Wednesday, February 8, 2017
This was the late sixties and in those days, when you were in another country, you were completely cut off from just about everything in your native land.
Long distance phone calls were prohibitively expensive. Air mail took two weeks to get there. It took time - months - for the latest music to get to the local record store. Forget about watching current TV shows. Those took years.
You were effectively walled off.
After two years we returned and I was a stranger in a strange land.
I was out of the loop, didn't get the jokes, or the references.
Fast forward to 2017. Everyone around the world can watch Game of Thrones at the same time.
Spotify allows me to access the music I heard at a restaurant in Italy, upon my return to New York. Versailles, a French TV series broadcast on Ovation about a young Louis XIV's quest to build his famous palace, was made in English so as to reach the largest global audience. The show's creators asserted that if Louis was alive, he would have agreed to the use of English, because he was always trying to communicate his ideas to the largest population possible.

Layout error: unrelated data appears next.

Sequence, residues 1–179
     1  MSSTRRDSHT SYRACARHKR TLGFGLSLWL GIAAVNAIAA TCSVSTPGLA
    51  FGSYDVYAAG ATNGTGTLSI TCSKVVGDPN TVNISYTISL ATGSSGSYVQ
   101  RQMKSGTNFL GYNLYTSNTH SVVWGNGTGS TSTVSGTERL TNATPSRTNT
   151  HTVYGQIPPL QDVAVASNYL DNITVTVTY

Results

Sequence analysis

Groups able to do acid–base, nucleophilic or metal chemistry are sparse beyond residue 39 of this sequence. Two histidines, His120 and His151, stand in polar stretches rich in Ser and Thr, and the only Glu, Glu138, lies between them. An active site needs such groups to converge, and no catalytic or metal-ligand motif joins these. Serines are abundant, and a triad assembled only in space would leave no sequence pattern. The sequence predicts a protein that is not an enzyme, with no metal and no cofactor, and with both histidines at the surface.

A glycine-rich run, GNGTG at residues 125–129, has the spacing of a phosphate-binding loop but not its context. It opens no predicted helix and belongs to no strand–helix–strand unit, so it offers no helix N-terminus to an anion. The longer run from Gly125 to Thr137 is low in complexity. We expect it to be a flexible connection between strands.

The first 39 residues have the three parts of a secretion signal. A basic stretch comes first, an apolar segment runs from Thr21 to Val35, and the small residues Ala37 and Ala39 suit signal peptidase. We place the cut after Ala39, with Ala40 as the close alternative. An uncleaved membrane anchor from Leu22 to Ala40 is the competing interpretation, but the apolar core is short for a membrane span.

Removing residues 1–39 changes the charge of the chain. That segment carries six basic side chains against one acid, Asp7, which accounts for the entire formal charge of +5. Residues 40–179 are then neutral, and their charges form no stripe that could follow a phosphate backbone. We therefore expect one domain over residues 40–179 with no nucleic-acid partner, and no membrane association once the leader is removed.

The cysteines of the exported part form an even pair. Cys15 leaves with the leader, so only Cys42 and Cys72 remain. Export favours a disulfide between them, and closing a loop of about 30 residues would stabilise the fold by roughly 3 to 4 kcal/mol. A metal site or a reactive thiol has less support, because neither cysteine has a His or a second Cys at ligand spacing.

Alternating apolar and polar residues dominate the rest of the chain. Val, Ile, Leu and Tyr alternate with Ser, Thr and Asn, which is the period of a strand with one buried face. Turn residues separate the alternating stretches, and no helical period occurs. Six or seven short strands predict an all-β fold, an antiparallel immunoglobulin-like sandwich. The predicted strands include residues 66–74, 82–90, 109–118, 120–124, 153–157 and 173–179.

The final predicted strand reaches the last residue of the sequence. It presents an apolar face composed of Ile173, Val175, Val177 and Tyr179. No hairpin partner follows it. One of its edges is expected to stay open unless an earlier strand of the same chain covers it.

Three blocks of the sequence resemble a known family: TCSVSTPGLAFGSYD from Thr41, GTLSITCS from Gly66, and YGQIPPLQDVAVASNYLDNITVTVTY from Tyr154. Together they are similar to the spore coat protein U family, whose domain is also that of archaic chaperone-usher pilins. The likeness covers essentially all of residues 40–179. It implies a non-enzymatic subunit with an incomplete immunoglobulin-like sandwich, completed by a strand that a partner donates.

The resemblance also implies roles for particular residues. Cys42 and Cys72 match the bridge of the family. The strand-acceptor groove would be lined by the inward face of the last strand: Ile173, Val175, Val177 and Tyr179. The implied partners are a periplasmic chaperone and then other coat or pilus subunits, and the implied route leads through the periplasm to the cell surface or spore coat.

But this isn't just about the globalization of American entertainment.
It's about all entertainment, from every corner of the world making its way to your screen as well.
Netflix recently released 3%, their first ever Brazilian science fiction TV series - available in English or Portuguese.